Consistent with prior practice, with the arrival of the new year, FINRA has published its key examination priorities.  The letter may be found at the following link: http://www.finra.org/sites/default/files/2017-regulatory-and-examination-priorities-letter.pdf.

As in prior years, the letter covers a broad array of topics.  This year’s topics include:

  • Hiring and monitoring the activities of “high-risk and recidivist brokers;”
  • Sales practices, including protecting seniors, evaluating firm practices relating to reasonable-basis and customer-specific suitability, and monitoring product concentration;
  • Excessive and short-term trading of long-term products, such as mutual funds and closed-end funds;
  • Operational risks, including cybersecurity, supervisory controls testing, consumer protection and segregation of client assets, and anti-money laundering and suspicious activity monitoring; and
  • Market integrity issues, including best execution and trading examinations.

Of course, each member firm should read the letter carefully and assess the identified priorities in the context of its own business and business plans.  Below, we discuss a number of areas that may be of particular interest to a number of market participants and clients, including some specific items that FINRA raises in its letter.

New:  Off-Site Reviews

In the letter, FINRA indicates that in 2017 it will begin conducting electronic off-site reviews that will supplement its traditional on-site examinations.  The off-site reviews are designed to enable FINRA to review selected areas discussed in the letter, without a visit.  These off-site reviews will be conducted only as to a limited number of broker-dealers that are not scheduled for a 2017 cycle exam.  We would expect that this process will help leverage FINRA’s ability to understand market practices as to key issues.

High-Risk and Recidivist Brokers

Consistent with its recent inquiries regarding firm culture and hiring practices, FINRA will focus on the hiring and monitoring of “high-risk and recidivist brokers.”  For example, FINRA will explore the implementation of supervisory and compliance controls for such individuals.  The letter indicates that FINRA will, among other things, review whether a firm or a third-party agent reviews available public records to verify the accuracy of the relevant individuals’ form filings.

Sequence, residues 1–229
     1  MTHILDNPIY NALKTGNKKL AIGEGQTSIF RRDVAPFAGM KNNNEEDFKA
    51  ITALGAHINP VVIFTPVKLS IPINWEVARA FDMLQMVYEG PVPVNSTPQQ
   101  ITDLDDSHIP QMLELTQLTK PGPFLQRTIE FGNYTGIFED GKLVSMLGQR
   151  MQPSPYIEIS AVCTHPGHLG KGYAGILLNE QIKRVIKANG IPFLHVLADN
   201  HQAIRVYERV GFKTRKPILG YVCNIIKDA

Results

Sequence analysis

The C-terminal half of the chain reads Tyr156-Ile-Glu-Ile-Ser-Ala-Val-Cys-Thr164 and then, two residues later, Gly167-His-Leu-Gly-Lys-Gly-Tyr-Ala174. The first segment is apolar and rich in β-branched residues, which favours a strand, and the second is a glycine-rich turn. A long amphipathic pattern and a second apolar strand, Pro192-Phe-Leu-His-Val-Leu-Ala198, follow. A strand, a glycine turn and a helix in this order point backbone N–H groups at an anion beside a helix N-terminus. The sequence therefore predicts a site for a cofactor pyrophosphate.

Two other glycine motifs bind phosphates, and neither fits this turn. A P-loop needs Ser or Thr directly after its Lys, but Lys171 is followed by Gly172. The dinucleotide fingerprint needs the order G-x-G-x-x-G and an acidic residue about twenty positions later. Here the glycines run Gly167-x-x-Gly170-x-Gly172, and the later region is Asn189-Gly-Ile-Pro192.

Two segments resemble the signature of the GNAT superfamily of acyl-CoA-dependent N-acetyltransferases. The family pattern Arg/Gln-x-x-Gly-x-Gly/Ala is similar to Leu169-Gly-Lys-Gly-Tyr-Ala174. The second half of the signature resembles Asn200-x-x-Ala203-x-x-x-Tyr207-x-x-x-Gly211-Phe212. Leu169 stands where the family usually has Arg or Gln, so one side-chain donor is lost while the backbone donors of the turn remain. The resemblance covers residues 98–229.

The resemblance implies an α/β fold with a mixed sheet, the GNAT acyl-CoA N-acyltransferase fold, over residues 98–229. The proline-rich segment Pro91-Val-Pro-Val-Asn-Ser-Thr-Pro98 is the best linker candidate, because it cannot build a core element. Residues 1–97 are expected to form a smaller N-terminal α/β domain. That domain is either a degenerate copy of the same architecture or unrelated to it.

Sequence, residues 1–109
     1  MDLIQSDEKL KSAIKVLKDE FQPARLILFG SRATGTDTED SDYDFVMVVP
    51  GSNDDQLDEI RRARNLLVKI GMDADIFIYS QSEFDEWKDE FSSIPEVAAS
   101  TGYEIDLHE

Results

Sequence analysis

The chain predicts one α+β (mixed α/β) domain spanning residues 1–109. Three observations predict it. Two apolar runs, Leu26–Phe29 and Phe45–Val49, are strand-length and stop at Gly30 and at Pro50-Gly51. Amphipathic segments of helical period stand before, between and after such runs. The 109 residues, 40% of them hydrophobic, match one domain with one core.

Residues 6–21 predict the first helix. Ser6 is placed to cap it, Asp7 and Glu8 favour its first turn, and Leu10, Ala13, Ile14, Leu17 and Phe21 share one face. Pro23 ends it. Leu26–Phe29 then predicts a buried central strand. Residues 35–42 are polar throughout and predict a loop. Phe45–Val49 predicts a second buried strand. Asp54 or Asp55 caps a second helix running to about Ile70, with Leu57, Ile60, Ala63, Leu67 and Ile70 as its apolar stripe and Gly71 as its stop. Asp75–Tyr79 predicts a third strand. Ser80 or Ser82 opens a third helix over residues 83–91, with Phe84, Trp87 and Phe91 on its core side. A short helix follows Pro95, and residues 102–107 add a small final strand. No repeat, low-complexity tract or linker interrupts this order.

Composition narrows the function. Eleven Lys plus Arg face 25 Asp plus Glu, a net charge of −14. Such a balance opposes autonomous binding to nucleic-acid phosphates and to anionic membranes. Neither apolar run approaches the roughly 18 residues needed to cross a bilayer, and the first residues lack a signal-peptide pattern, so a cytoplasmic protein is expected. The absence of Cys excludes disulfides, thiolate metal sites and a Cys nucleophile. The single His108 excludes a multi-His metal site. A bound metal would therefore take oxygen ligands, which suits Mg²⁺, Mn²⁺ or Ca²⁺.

Sales Practices

  • Senior Investors:  FINRA continues to take a strong interest in protecting senior investors.  FINRA’s concern arises from its ongoing observations that brokers have continued to recommend unsuitable products to senior investors, including complex or novel exchange-traded products, structured products, leveraged and inverse exchange-traded funds, non-traded REITs, and unlisted BDCs.  FINRA reminded firms of a variety of tools that can be used to help protect elderly clients from exploitation under questionable circumstances, including contacting the investor about orders placed through an on-line brokerage account, or about instructions to transfer funds to persons who may be linked to an issuer.
  • Suitability:  FINRA remains concerned that brokers are recommending unsuitable complex products to customers.  Accordingly, examinations will assess how firms discharge their reasonable basis and customer specific suitability obligations. The letter notes:
    “…we will assess how firms conduct reasonable-basis and customer-specific suitability reviews.  This may include examining firms’ product vetting processes, supervisory systems and controls to review recommendations.  Firms should be attentive to the adequacy of their supervision and training when new products come to market, new features of existing products are introduced or market conditions change in ways that could affect product performance.  Firms that hire registered representatives who sell products with which the firm is not familiar should educate themselves on the products and then carefully evaluate their ability to supervise recommendations.  Training should ensure that registered representatives, compliance and supervisory staff understand the objectives, risks and pricing factors of the products sold, including any changes in the features of those products.”

FINRA will also focus on the controls that brokers use to monitor recommendations that could result in excess concentration in client accounts.

Social Media

FINRA will review firms’ compliance with their supervisory and record-retention obligations with respect to social media and other electronic communications.

Excessive and Short-term Trading of Long-Term Products

FINRA will evaluate firms’ ability to monitor the short-term trading of long-term products.  FINRA’s concern is that registered representatives may recommend that clients trade long-term products, including mutual funds, closed-end funds and UITs, on a short-term basis, resulting in increased costs to investors or other adverse results.  This review follows on the heels of FINRA’s September 2016 targeted exam relating to rollovers.   FINRA believes that some registered representatives are using early UIT rollovers to increase their sales credits to the detriment of clients.

In addition, FINRA urges firms to evaluate whether their supervisory systems can detect activity intended to evade automated surveillance for excessive switching activity.  For example, FINRA believes that some registered representatives may be switching customers across products to evade surveillance that focuses on switching within the same product class.